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Streamlining Food Pest Control Through Irradiation

Joanne Liou

Irradiation helps make it possible for food products, like strawberries, to stay fresh and last long journeys. (Photo: R. Mithare/Unsplash)

There is more than meets the eye when it comes to the spices, seeds, fruits and vegetables that travel from distant origins to your local grocer. A small dose of radiation helps make it possible for food products to stay fresh and last the journey without spreading invasive organisms.

The IAEA, in partnership with the Food and Agriculture Organization of the United Nations (FAO), is supporting the latest developments in the fields of food and phytosanitary irradiation, in order to help streamline the pest control process and facilitate international trade. Food and phytosanitary irradiation are post-harvest treatments that use ionizing radiation produced by a source, such as cobalt-60, or generated by accelerators.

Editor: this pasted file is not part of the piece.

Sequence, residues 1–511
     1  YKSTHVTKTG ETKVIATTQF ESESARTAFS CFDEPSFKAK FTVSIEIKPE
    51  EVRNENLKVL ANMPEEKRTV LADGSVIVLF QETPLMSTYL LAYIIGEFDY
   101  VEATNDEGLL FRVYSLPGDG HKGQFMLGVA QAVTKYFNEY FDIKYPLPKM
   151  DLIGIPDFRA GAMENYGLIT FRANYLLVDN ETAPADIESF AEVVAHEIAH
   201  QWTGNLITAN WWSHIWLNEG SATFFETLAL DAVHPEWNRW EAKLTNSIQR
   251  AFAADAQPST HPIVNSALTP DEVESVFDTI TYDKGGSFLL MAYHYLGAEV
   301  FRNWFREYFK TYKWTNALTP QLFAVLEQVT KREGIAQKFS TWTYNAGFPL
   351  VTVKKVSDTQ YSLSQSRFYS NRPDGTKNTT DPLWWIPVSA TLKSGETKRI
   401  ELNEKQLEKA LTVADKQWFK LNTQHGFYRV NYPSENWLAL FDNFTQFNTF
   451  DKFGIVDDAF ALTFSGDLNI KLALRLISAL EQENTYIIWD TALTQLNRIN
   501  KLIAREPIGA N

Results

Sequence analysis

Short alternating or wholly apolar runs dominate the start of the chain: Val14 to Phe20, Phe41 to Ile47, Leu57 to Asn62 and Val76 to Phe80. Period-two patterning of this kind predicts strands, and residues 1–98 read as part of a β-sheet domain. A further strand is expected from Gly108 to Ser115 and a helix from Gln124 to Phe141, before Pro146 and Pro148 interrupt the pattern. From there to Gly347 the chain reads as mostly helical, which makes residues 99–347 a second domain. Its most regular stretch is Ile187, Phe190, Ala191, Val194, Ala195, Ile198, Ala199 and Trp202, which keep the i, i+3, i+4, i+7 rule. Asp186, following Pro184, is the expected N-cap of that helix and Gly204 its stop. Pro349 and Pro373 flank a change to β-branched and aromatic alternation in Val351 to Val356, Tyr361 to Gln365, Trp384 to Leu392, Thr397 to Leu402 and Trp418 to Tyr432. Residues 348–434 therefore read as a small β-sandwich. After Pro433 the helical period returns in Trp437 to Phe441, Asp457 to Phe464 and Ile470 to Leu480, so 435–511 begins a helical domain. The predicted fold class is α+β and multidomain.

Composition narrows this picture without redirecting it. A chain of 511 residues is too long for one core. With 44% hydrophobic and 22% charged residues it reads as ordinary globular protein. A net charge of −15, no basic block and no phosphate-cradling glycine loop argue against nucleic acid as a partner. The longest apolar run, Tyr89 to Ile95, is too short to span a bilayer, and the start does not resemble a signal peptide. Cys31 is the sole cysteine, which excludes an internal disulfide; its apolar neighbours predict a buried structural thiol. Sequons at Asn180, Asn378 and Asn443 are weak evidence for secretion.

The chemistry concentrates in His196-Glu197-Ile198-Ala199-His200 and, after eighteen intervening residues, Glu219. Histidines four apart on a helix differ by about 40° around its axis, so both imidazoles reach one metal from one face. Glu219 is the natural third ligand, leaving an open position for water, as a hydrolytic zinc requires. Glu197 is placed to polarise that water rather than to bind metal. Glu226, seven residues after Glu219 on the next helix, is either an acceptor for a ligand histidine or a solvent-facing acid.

“Ionizing radiation is gentle on food, but not on microbes or invasive pests, and it enables international trade,” said Carl Blackburn, Food Irradiation Specialist at the Joint FAO/IAEA Centre of Nuclear Techniques in Food and Agriculture.

Ionizing radiation is gentle on food, but not on microbes or invasive pests, and it enables international trade.
Carl Blackburn, Food Irradiation Specialist, Joint FAO/IAEA Centre of Nuclear Techniques in Food and Agriculture

In-house irradiation devices

Before being shipped to their final destination, certain food products are first prepared or collected from their place of origin, packaged, and then taken to an irradiation facility. These facilities often rely on cobalt-60 as the source of ionizing radiation. “Colbalt-60 is easy to use for gamma rays, but it might be challenging to procure and transport,” Blackburn said. “The IAEA has been encouraging a new streamlined approach, bringing irradiation in-house with soft radiation, like low energy electron beams (LEEBs) and low energy X-rays, where the irradiator can be placed inside a food factory or packing house.”